Even for skilled professionals, these habits must be trained repetitively to become second nature, and professionals are not immune to sloppy play either. This is the kind of exercise that doesn’t end until all passes are zipped on the deck at the correct speed, layoffs are well cushioned to the correct foot of the receiver who has timed the run to play the layoff forward in one pass themselves. Thus it (in theory) becomes habit, and habit should translate on to the pitch come match-day.

Option 2: The team in possession of the ball loses the ball and tries to recapture it by counter-pressing.

Thus, one would start again from the initial situation, the 4 plus 2 vs. 2.

Second Exercise: Pressing into Counterattacking

In the second exercise presented today, there is an even stronger reference to Schmidt’s game model.

Here a small 4 vs. 2 starts in a very small field as above. 4 players of the defensive team wait around the field. If the defensive team (white) wins the ball, the players on the outside can quickly switch over and play an interface pass to the remaining players scattered around the field.

This simulates very well game situations in which Schmidt wants to get his team. White wins the ball after a pressing trap and can counter quick

It is also crucial that the attacking team is able to advance centrally, so the defensive team has to cover the center as you would expect — too often well-meaning constraints on practice design have unintended consequences that hamper realism rendering the practice ineffective.

There are also other advantages:
For example, players see the effectiveness of their pressing and recognize the value of a well-coordinated pressing.

Another example is the enormous intensity of the exercise. Both the offensive players and the defensive players have to perform their follow-up actions (counterattacks, counter-prevention) with high speed and precision.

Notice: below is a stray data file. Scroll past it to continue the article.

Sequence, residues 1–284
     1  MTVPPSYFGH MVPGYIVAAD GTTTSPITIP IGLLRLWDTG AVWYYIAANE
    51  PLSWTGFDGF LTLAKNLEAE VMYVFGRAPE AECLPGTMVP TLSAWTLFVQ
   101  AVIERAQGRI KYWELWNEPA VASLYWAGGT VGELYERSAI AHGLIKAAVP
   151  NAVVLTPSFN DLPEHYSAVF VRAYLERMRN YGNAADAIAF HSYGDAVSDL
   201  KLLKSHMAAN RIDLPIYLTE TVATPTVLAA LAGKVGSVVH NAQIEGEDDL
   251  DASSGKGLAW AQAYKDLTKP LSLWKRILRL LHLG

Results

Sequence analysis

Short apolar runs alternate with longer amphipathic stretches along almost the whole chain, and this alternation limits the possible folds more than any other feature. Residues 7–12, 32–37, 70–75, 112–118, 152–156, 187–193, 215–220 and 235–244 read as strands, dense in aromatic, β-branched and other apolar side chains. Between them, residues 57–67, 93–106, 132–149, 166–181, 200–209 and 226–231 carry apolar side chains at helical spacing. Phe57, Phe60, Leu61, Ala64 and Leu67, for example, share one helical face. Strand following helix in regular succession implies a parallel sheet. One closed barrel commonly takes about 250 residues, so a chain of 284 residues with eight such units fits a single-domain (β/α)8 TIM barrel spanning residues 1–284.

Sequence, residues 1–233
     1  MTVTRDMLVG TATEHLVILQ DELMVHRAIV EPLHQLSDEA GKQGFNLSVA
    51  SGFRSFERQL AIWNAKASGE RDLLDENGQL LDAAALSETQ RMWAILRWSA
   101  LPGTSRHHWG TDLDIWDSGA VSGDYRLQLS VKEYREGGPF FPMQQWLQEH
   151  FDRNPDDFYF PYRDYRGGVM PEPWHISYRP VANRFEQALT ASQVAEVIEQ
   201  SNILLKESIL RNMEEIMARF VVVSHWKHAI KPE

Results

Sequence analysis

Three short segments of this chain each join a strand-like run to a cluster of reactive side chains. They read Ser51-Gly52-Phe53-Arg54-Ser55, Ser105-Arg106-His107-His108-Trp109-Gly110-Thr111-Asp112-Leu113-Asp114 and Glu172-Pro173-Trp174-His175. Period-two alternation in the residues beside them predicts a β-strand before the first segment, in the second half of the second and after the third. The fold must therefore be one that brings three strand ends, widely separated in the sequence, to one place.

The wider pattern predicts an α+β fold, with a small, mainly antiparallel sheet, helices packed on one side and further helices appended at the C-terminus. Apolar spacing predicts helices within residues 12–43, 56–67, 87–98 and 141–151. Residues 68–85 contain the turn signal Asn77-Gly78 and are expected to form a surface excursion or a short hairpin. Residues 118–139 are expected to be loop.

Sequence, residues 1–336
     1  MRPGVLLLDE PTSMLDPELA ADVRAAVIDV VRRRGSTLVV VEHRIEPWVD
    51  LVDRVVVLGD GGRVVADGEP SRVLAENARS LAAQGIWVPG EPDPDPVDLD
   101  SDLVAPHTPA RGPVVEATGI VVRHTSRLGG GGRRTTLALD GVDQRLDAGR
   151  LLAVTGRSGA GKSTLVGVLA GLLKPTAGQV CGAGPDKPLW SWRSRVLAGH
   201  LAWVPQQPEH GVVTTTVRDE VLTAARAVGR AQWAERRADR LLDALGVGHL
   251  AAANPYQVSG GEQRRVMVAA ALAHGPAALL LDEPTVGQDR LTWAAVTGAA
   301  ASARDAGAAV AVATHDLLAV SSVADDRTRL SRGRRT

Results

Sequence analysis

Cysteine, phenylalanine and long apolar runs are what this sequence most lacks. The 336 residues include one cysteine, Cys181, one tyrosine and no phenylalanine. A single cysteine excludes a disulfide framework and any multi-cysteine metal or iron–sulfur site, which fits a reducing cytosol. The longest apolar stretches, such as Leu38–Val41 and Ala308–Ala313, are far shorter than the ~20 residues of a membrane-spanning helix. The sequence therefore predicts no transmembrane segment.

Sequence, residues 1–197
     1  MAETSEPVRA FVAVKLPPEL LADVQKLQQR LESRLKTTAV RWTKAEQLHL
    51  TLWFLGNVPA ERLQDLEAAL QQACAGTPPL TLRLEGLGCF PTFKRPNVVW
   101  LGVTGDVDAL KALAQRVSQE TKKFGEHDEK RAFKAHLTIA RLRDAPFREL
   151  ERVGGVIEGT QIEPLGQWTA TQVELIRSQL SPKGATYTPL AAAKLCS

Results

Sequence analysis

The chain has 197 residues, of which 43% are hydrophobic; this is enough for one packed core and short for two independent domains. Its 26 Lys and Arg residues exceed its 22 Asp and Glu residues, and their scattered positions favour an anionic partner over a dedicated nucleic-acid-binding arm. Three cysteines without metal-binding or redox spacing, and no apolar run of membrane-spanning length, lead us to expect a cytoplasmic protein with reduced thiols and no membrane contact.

This relates to Schmidt’s desire to play quick vertical football, with a tendency to play risky, forward line-breaking passes through small gaps. In his game model, his teams do not tend to switch the ball side to side to create openings in the opposition block, instead, they overload narrow vertical channels and look to play forward constantly. This adds up very nicely if you have creative midfielders with qualities in fast, vertical combination-play (as well as excellent technical qualities) like Ihattarren and Götze.

Conclusion, Learnings, Notes

#1 The focus on the practices clearly demonstrated his preference for vertical football and aggressive pressing, while focusing on possession elements as well.

#2 Schmidt does not once use a ‘stop, stand still’ approach, allowing the game to flow without disrupting the rhythm of the session, rather using high intensity 3 minutes long intervals.

#3 Here one could list all explicit coaching points that occur during regular position and counter-pressing exercises. (Attract pressure to overplay, Looking for target player, Playing into depth, etc…). The effectiveness and the explicit connection to a trainer’s game idea, in the case of Roger Schmidt, is more based on the connection of the exercise with the transfer in game principles (exercise 1) and game situations (exercise 2). You can see how Schmidt tries to implement his own model using unopposed exercises as well as game-near / high complex exercises.

*Small side note: This article is quite similar to the one Chris Summersell published some months ago. You can find his (very very good) analysis here.

Über Daniel Bähr

Verfechter des Juego de Posicion, Marcelo Bielsa & radikalem Offensivfussball. Ansonsten Literatur, Philosophie & Studium in Mannheim.